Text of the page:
Aims: This study examined the validity of two methods of classifying binge drinkers.
Methods: Adult drinkers (n = 166) completed the Alcohol Use Questionnaire (AUQ) and a Timeline Followback (TLFB) interview to characterize drinking during the past 28 days. Using Townshend and Duka's (2005) recommendations, answers on three AUQ items (average drinks per hour, number of times drunk within the prior 6 months and percentage of times drunk when drinking) were used to derive a binge score that was then used to classify drinkers as Binge, Non-Binge and Unclassifiable. Two methods for calculating binge scores were compared: (a) Participant-derived, using participants' answers on the 3 AUQ items; and (b) Staff-derived, staff used TLFB interview information to answer the 3 AUQ items. Additionally, Participant- and Staff-derived classifications were used to predict future drinking behaviors assessed by a second TLFB interview.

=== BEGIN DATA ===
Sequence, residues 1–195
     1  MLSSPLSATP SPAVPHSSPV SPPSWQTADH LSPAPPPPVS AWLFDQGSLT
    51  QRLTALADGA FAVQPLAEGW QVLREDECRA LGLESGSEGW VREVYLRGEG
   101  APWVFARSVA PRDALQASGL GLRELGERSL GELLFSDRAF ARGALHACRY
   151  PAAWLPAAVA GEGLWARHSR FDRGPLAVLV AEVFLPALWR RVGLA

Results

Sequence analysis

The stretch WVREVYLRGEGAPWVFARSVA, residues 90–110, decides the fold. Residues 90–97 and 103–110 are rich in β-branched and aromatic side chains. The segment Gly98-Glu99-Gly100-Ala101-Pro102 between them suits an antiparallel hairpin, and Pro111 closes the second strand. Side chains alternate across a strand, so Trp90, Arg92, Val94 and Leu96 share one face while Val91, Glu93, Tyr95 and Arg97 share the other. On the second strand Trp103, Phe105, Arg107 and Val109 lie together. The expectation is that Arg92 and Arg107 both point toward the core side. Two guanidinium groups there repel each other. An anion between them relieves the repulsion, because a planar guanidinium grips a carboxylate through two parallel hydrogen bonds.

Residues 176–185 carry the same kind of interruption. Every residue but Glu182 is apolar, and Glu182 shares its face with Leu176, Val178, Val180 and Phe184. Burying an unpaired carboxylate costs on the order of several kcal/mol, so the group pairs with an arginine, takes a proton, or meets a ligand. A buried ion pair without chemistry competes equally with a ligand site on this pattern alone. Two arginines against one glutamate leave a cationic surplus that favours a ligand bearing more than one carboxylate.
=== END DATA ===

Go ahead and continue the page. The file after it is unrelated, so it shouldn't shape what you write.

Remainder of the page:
Results: Participant- and Staff-derived binge scores had a low concordance rate. Staff-derived classifications were better than Participant-derived classifications at predicting future binge drinking behavior and identifying group differences in drinking behavior reported during the second TLFB interview (average drinks per hour, number of times drunk within the prior 6 months, and percentage of times drunk when drinking).
Conclusions: Classifying drinkers using staff-guided TLFB interview methods instead of self-reported participant generalizations of typical drinking habits better relates to real-world drinking. Classification schemes that rely on dichotomous categorization of drinkers (Binge vs. Non-Binge) may be missing individuals who engage in harmful patterns of drinking. A continuous scale or index characterizing problematic drinking may be more useful.
© The Author 2015. Medical Council on Alcohol and Oxford University Press. All rights reserved.